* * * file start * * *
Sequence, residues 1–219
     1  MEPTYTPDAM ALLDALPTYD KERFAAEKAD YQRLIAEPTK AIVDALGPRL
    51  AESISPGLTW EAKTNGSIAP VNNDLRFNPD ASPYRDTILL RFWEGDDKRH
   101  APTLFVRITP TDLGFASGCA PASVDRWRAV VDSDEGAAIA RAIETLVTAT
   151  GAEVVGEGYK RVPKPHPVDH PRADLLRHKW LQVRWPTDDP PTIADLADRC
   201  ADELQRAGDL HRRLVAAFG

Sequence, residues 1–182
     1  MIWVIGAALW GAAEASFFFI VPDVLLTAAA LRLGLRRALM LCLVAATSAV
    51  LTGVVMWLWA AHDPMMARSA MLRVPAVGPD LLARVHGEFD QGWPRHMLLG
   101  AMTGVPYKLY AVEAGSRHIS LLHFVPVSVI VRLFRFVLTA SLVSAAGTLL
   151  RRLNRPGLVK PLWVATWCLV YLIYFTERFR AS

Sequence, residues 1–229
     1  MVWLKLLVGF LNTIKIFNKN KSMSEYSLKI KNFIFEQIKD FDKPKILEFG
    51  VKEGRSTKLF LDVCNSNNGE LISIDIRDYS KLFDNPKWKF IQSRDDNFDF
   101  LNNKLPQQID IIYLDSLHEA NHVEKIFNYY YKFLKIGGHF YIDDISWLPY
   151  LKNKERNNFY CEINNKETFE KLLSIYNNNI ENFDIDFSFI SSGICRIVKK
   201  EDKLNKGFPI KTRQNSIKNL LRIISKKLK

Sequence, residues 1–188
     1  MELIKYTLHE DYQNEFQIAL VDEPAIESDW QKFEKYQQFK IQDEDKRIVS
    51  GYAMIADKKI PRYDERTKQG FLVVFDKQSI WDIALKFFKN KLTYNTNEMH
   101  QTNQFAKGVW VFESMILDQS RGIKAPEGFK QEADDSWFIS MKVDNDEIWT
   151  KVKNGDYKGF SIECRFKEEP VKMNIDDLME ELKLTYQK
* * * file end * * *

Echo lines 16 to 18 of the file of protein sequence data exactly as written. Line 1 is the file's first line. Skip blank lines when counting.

   151  LKNKERNNFY CEINNKETFE KLLSIYNNNI ENFDIDFSFI SSGICRIVKK
   201  EDKLNKGFPI KTRQNSIKNL LRIISKKLK

Sequence, residues 1–188